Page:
The following is a re-posting of a blog post written by our Lower School Humanities Specialist & Advisor, Rebecca Chan.
Let’s face it, social justice work in the classroom isn’t easy—but it is worth it. This topic has kept me up at night for years, and I want to pass on some things I’ve learned to new teachers, as well as everyone out here trying to be better. My contexts have varied from Middle to High School, including public, private, and alternative programs, spanning from an alternative school where some of my students had just gotten out of Juvenile Hall (many of whom are the most kind and polite students I have ever taught), to public schools located on gang territory and receiving Title 1 funding, to affluent, college prep schools in the heart of the Silicon Valley in California. As well as, you know, your average pandemic-style, distance-learning situation. In all contexts, I strive to make my classroom a place where all students feel safe, cared for, and protected. I hope these strategies help you to do the same. Here are five ways to prepare an inclusive, anti-racist classroom. The key here is to set students up to engage in empathetic ways by doing the research and making your convictions as an inclusive, anti-racist teacher clear!
Hit the books.
Knowledge is power! There are so many great resources out there. Here are a few:
The N Word: Who Can Say It, Who Shouldn't, and Why This one is really good if you have a novel that uses the word (like our ever-required To Kill a Mockingbird), and want a framework to handle it.
Why Are All the Black Kids Sitting Together in the Cafeteria? I found this book great for creating more context to help me build and my understanding of racial identity and how I can help my students develop positive ones.
The New Jim Crow This one is really helpful in helping students and yourself understand and articulate how racial disparities still exist.
Incorporate curriculum that emphasizes social justice.
For example, Facing History is an organization that has a ton of free resources and lesson plans.
You can also make sure that you are incorporating Social Justice Standards for grades K-12!
Also, PLEASE call out the textbooks and novels when they perpetuate stereotypes, racism, sexism, homophobia, classism, ableism, or anything else that is unacceptable!
Appreciate the cultures of your students, and share yours with them too!
Ask questions, do activities to get to know their cultures. I know that family isn’t an easy topic for many students, so exploring culture has more to do with their “way of life” and they can identify themselves however they like. One of my professors, Stephen Drouin, did research on this AWESOME, cultural Assemblage Project. The activity allows students to share their cultural identities through a collection of physical objects that represent who they are. Even grad students love to “show and tell!” I would recommend creating one for yourself and modeling what this looks like. This will demonstrate to them that it’s important to you, and therefore, you expect them to take it seriously.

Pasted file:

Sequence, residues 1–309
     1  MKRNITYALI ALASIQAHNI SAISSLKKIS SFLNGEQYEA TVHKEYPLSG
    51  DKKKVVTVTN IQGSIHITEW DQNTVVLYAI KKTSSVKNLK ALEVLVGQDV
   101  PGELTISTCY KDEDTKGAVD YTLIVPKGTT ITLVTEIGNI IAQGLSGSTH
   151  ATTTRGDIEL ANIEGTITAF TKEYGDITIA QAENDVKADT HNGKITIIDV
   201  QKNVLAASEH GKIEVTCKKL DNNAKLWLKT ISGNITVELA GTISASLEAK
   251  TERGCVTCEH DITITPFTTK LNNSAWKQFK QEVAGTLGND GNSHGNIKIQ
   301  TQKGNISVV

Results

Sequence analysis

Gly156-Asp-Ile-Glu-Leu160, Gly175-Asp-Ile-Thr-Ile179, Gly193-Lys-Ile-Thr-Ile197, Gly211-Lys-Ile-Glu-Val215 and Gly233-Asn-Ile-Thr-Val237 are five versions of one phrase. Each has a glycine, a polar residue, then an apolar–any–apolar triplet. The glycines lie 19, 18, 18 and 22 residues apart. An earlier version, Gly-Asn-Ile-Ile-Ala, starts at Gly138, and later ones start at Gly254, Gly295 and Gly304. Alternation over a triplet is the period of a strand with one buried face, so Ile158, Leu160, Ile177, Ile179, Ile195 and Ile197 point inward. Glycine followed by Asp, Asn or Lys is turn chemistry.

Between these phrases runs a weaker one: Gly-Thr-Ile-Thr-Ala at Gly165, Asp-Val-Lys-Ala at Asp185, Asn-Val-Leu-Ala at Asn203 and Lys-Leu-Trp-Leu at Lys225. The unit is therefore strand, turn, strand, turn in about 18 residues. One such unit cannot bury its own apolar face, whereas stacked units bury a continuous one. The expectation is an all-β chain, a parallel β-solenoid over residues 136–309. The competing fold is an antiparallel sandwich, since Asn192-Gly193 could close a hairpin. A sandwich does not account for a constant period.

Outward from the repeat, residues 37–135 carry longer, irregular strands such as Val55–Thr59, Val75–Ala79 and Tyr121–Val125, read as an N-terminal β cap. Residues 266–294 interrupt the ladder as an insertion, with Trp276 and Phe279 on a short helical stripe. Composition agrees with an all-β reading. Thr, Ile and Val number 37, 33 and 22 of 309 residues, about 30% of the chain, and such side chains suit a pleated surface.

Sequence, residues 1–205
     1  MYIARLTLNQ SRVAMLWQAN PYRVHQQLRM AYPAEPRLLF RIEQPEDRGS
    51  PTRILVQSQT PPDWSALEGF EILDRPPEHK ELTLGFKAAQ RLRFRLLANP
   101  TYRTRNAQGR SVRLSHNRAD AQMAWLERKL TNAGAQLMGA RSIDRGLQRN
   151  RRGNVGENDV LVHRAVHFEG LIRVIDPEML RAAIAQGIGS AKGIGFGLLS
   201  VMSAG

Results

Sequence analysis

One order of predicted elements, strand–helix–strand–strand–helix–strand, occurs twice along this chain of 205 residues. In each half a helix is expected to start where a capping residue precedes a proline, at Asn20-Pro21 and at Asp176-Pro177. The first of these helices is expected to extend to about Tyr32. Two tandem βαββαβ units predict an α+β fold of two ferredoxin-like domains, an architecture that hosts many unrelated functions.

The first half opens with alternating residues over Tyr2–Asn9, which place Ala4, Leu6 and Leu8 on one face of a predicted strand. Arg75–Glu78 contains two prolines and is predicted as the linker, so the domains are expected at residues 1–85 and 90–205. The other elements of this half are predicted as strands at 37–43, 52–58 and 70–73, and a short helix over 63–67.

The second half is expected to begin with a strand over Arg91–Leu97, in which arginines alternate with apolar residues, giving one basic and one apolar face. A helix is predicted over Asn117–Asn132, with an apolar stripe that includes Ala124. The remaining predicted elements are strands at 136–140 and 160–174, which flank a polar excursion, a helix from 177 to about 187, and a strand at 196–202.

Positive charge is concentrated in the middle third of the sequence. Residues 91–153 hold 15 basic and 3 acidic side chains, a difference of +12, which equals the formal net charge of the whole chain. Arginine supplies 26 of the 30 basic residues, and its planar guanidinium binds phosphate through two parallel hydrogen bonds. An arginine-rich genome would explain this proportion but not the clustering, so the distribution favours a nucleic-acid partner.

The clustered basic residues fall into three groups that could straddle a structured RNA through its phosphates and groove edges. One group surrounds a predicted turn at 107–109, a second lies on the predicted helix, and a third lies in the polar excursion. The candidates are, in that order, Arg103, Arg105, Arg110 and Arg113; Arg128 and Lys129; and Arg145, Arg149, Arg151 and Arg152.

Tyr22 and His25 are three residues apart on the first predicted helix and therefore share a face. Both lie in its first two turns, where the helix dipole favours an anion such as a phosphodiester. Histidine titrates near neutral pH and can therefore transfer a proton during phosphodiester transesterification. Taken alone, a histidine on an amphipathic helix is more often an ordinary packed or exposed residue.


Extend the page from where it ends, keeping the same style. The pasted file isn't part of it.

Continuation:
Respect your students’ ways of speaking!
This is a part of decolonizing education. The way your students speak English may be different from what you’re used to. They might speak in ebonics (Black English) or in a thick accent. Language is extremely personal, and we need to have attitudes of understanding and acceptance of our students as people. That doesn’t mean you can’t correct a student. Just make sure you are doing it in a respectful, humanizing way (easy, right?). I personally choose not to correct ebonics when it is spoken, because I prefer to evaluate speaking skills based on participation and content. Though you might not mean it this way, insisting on your language shows them you value theirs less. This includes how much they talk, how loud/quietly they talk, and even the words that schools deem “inappropriate.” The topic of language in the classroom warrants a whole new article. For now, be intentional and explain yourself when you correct kids. If you ask a kid to “speak up” keep in mind that speaking might be discouraged in their home. If you have to hush a student, remember this could be the norm in their home. Give kids grace as they learn. When it comes to swear words, one way to invite kids to change how they speak without insulting their language is by teaching them about code switching. In this, you can emphasize that their language isn’t inferior, but YOU want them to speak a certain way for specific reasons.
Spotlight diverse heroes, movements, and examples of hope and inspiration.
Okay, I WISH I had recognized the power and importance of this one more! I’d been so focused on the importance of exposing oppression that I was taken aback when the mood of my classroom darkened as a result. This really showed me why it’s so important to talk about inspiring champions for social justice, people who have resisted and risen, change that has been made, and the possibilities to be and do more. If I could go back, I’d incorporate both heroes who have become icons like MLK, but also figures that they are familiar with, like Michelle Obama. This is also a great opportunity to let your kids research and share about their own heroes. They might surprise you with what they come up with. It’s so important to give them hope and role models of strength, resilience, and courage. Some of our students are just beginning to realize that the world is harsh, and they need to be reminded of the fact that there is still hope and love and joy. This is important for nurturing their souls so that they can embrace the world, enjoy life and have the courage to fight for change for the future.
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